Summer is traditionally the time for burgers and hot dogs fresh from the grill, fried chicken and cakes from church picnics, and funnel cakes, corn dogs, and ice cream from county and state fairs. While that all sounds delicious, consider how unhealthy a lot of that food is. A six-ounce corn dog served at a state fair has around 320 calories, is full of sodium, and has little dietary fiber. A funnel cake has around 760 calories, and a grilled hamburger patty calorie count can range from 220 to 307 calories, and that’s without the grilled buttered bun, a melted slice of cheese, and all the condiments.
It seems ironic that during the warmest time of the year, we tend to put some of the heaviest foods into our bodies. To be sure, the occasional corn dog or burger from the grill isn’t bad, and it’s hard to imagine summer without either of them. But as you plan your family menus this summer, consider switching out some of the traditional summer foods (and habits) with lighter ones described below. Not only will you be cutting back on your calorie intake, you’ll be taking in some of the true, tangy, refreshing flavors of summer.
From the Grill
Instead of grilling burgers, you could instead grill large porcini mushroom caps. Roni Caryl Rabin of The New York Times states that mushrooms are low in calories and fat and are packed full of nutrients, plus they’re high in antioxidants. And instead of serving them on buns, use toasted English muffins. Another grilling alternative is salmon or trout instead of red meat. You can also cook these indoors as well. For those who like French fries, grill some potato wedges, which you can slice from large baking potatoes. Just season them with butter and some garlic or other herbs. They cook quickly and are low in calories, plus they’re fun to eat and nutritious for the kids (and adults!).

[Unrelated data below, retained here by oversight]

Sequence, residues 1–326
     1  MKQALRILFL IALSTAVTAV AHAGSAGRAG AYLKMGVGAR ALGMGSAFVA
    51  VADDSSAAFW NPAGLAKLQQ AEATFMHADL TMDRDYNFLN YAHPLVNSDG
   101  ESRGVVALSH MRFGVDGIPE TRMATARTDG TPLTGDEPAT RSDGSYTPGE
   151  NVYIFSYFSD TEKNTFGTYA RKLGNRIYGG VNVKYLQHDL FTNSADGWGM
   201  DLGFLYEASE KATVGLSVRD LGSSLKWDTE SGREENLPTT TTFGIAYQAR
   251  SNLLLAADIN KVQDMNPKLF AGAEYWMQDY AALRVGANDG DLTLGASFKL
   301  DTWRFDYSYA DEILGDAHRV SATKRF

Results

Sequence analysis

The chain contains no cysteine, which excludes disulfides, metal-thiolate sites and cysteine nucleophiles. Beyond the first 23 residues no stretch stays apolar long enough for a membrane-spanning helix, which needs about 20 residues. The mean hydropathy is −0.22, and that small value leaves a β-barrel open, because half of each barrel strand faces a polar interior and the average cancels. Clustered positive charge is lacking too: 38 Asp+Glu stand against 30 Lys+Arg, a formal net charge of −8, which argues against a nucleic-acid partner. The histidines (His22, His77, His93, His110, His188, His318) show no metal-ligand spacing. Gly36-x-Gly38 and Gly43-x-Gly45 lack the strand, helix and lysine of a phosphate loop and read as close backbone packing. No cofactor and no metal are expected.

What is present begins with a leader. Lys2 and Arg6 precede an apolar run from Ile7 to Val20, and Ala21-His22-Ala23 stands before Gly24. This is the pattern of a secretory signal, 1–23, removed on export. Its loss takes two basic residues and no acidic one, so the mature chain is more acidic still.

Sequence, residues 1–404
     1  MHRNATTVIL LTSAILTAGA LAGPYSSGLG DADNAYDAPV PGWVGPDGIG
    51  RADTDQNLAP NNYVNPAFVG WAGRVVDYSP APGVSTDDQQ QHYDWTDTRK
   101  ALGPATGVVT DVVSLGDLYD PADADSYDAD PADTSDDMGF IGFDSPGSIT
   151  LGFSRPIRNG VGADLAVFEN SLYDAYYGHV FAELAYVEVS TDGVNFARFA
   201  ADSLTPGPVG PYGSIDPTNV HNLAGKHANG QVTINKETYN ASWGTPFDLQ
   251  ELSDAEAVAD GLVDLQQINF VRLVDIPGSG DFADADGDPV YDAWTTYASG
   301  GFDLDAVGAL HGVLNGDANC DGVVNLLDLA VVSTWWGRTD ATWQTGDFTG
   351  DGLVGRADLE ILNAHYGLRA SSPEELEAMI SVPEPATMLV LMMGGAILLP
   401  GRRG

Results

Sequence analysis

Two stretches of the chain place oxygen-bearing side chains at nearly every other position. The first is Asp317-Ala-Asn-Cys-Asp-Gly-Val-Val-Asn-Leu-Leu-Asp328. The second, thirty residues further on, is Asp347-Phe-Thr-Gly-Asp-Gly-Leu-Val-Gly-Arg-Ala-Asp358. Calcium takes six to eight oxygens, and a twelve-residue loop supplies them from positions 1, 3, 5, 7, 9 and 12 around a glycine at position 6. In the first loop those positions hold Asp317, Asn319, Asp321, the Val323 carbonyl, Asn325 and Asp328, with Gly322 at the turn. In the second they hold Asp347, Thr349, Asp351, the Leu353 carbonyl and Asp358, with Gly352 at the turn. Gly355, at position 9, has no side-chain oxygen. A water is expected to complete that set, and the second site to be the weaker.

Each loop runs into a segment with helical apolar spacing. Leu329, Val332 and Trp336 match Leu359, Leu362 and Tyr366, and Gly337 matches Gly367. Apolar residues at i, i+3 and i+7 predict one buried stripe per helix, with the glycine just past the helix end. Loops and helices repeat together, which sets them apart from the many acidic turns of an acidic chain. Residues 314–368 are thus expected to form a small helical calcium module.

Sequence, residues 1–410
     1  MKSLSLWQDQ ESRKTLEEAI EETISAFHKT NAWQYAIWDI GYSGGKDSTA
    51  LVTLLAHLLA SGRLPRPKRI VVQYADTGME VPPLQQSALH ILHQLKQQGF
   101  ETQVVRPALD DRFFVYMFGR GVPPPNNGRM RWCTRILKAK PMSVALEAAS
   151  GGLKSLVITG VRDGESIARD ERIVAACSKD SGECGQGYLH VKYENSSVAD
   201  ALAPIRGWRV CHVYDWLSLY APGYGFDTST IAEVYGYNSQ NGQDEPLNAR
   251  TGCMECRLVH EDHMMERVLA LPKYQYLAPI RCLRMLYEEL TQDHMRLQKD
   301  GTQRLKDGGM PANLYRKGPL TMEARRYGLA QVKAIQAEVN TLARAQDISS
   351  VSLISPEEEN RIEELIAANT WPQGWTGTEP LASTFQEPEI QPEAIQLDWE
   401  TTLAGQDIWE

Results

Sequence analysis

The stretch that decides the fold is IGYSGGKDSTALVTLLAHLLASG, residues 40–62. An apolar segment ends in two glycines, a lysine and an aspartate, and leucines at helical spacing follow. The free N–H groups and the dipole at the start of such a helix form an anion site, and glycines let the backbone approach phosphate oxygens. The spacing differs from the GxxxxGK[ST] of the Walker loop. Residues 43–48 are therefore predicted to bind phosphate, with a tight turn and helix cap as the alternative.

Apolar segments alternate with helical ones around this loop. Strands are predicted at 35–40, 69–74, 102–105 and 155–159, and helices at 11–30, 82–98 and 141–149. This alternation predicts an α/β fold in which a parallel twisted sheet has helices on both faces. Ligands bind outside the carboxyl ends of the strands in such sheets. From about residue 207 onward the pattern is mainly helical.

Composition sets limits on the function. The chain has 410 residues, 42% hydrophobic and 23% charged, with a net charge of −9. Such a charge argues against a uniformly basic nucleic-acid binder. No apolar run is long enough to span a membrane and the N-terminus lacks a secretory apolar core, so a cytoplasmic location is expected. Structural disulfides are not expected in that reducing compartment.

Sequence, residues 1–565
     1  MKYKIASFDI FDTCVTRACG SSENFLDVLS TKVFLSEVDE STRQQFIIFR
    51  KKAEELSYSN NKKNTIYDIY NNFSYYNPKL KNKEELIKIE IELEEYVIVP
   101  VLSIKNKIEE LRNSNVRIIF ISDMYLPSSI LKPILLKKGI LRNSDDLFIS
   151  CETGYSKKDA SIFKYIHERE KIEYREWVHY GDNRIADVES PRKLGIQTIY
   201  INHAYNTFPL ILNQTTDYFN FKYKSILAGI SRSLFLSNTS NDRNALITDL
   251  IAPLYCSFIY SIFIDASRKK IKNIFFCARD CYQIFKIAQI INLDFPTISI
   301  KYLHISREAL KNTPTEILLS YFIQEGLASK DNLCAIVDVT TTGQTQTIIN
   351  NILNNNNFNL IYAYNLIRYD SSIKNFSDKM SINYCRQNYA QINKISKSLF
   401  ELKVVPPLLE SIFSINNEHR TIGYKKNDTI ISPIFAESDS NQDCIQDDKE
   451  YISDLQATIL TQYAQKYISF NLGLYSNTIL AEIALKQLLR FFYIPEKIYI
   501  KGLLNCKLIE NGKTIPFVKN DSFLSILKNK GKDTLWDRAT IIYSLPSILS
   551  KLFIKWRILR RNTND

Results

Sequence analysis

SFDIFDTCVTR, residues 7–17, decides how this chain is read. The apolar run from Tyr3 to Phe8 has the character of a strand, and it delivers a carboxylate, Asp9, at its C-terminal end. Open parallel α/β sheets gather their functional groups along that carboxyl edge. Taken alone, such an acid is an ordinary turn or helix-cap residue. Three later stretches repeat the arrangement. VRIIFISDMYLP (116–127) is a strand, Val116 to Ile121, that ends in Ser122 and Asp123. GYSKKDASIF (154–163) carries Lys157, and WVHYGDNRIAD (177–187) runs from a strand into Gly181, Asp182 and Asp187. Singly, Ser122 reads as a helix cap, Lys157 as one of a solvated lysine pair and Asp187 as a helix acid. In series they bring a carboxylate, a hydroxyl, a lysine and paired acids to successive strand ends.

Wrap it Up
Traditional summer foods tend to lean heavily toward bread and breading. There are alternatives, however. If your family loves tacos, swap out lettuce for the shells. For enchiladas, use cabbage leaves instead of tortillas. And, yes, you can even make a nutritious variation on the corn dog batter by using honey and baking them instead of deep-frying. Cut back on heavy breading and you can easily cut back on calories.
At the Fair
While it’s tempting to immediately try anything that’s deep-fried on the midway, many county and state fairs have a surprisingly nutritious option: smoked turkey legs. They are low in calories with plenty of protein. Plus, they’re normally quite large and you can get your money’s worth. The only drawback is that they might be higher in sodium. If you need a side, grab an ear of street corn, which, while higher in calories than other produce and probably slathered in butter and sour cream, is a better choice than most other fair fare.
For Your Sweet Tooth
One of the eternal symbols of summer is the ice cream cone. For your summer of light eating, why not try a parfait with plain yogurt, fresh fruit (either strawberries or raspberries), and a few pieces of dark chocolate? Yes, chocolate can easily be incorporated into a healthy eating plan. Dark chocolate is not only a tasty treat but is great for the heart, a fact that even Harvard University can’t ignore.
It’s especially important that seniors become knowledgeable of which healthy food options to eat in the summertime, since the heat, decreasing sense of taste, and age-related health problems can make it difficult to choose nutritious foods. Consider going to a farmers market and picking out some fresh seasonal produce. Freeze some fruits to make smoothies, or pair veggies with lean meats on the grill.
Stay hydrated. The food you eat isn’t the only thing you put into your body that matters. Drinking plenty of water will work wonders for your health. Further, you can increase your overall nutritional intake by adding a multivitamin to your morning routine. Even when you’re eating fresh, local produce, these fruits and veggies can be depleted of their natural nutrients thanks to over-farming. A quality multivitamin can help you maintain dietary balance.
Summertime doesn’t mean you have to give up any nutritional habits you’ve developed over the previous months. By exploring alternatives for your favorite food items on the grill, their breading, and cool sweet treats, you and your family can keep eating food that’s good for you all summer long.